Clue to Centenarians' Longevity: A Mediterranean Diet & Live at Home with your Family
Date Posted: 07.06.2012
The Mediterranean diet may be one of the keys to long life, a new study suggests.
Researchers in Italy found that people living in mountain villages on the island of Sicily, who had lived to the age of at least 100, adhered closely to a diet rich in fruits, vegetables and whole grains, and low in red meat, refined carbohydrates and sweets.
One key aspect of the centenarians' diets was the low glycemic index, the researchers said. The glycemic index is a measure of how food affects a person's blood sugar levels: Foods with a high glycemic index (such as white bread) cause glucose levels to spike quickly after they are eaten, while foods with a low glycemic index (such as vegetables and legumes) cause blood sugar levels to rise more slowly and remain more constant over time.
Diets with a high glycemic index have previously been linked to an increased risk of Type 2 diabetes, whereas diets with a low glycemic index have been shown to protect against heart disease.
The study showed an association, not a cause-and-effect link between the diet and a long life, and more work is needed to confirm the findings.
Still, "to reach successful ageing, it is advisable to follow a diet with low quantity of saturated fat and high amount of fruits and vegetables rich in phytochemicals," which are compounds found in plants, the researchers wrote in their conclusion.
The findings were published in the journal Immunity and Ageing.
Researchers at the University of Palermo studied people living in the villages of Sicani Mountains, in central Sicily. They found 19 people between the ages of 100 and107, out of a population of 18,328 inhabitants. That means the percentage of centenarians living in those villages is more than four times greater than the national average, the researchers said.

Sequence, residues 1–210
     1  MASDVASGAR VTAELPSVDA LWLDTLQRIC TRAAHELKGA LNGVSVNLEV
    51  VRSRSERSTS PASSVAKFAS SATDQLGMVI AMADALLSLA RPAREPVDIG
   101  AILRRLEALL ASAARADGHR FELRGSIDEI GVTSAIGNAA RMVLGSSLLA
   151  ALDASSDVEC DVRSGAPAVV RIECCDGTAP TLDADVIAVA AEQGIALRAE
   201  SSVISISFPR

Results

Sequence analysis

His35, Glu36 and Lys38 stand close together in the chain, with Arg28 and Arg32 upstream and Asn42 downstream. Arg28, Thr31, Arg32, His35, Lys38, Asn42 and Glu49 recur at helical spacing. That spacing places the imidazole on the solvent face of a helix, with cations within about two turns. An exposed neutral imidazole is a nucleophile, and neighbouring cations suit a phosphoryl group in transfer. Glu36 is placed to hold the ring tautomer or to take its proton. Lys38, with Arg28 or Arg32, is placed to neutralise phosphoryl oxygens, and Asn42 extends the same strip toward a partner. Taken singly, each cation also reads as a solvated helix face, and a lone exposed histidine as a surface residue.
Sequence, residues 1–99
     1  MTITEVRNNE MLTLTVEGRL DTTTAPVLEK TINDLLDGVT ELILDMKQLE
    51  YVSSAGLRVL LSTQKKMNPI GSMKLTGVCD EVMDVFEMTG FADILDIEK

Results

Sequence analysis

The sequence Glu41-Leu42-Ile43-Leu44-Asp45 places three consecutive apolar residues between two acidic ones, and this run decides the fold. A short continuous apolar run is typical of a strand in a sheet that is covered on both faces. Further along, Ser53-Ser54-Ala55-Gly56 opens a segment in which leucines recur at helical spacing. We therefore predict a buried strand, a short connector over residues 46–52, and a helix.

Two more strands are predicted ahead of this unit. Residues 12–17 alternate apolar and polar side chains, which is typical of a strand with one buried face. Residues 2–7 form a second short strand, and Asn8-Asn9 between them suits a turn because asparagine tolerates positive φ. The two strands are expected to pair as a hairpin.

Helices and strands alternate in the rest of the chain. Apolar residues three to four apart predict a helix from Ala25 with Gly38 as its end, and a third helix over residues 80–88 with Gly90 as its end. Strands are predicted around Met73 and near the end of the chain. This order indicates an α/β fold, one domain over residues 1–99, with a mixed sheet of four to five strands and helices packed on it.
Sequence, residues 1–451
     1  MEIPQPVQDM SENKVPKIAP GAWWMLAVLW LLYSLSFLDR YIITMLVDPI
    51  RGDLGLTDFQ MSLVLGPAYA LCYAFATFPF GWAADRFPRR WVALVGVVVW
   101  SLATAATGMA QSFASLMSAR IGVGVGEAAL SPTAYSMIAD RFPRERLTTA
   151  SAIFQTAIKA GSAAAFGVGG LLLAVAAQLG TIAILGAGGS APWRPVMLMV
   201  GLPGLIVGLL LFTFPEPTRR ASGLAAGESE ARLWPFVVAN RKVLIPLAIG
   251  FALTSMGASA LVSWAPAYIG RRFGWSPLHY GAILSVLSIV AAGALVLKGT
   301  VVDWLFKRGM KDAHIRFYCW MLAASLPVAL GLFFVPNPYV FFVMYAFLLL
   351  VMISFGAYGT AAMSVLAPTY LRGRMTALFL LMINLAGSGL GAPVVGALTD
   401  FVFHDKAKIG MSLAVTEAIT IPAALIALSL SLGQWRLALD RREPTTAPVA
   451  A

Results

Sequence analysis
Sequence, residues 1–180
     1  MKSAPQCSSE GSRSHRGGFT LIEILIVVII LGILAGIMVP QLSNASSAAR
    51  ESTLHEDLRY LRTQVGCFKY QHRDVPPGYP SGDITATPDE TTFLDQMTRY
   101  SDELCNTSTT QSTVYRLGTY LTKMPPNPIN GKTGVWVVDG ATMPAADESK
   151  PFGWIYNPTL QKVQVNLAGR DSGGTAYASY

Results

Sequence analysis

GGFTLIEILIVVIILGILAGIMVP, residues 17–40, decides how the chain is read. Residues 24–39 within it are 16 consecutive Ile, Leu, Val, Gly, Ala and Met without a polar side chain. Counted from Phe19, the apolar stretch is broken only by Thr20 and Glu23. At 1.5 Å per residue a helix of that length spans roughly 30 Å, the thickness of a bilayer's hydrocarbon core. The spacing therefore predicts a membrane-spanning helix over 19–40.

The centenarians answered detailed questions about their diet, and underwent a physical exam including blood tests. They were also evaluated for their cognitive abilities and their abilities to accomplish daily tasks independently.
The researchers found that the centenarians were in good health. The group was free of severe cognitive and physical impairments, the researchers said, though some were experiencing declines in their hearing or vision. Blood tests revealed that their cholesterol and triglycerides levels were normal.
All of the centenarians lived in homes with their families. They were physically active, and were not obese.
The group was also notable because nearly half (nine) of the centenarians were men, which translates to a percentage of male centenarians that is 11.5 times the national average, the researchers said.
Other factors besides diet likely also played a role in these centenarians' longevity, the researchers wrote. Certain genes that control inflammation, along with the close support of family members and moderate consumption of alcohol, likely contributed to the participants' overall health.
Estimates show the number of centenarians in the world will approach 3.2 million by 2050, an 18-fold increase compared with the last century. Understanding the influence of diet on aging is important in the development of new strategies to extend lives, the researchers said.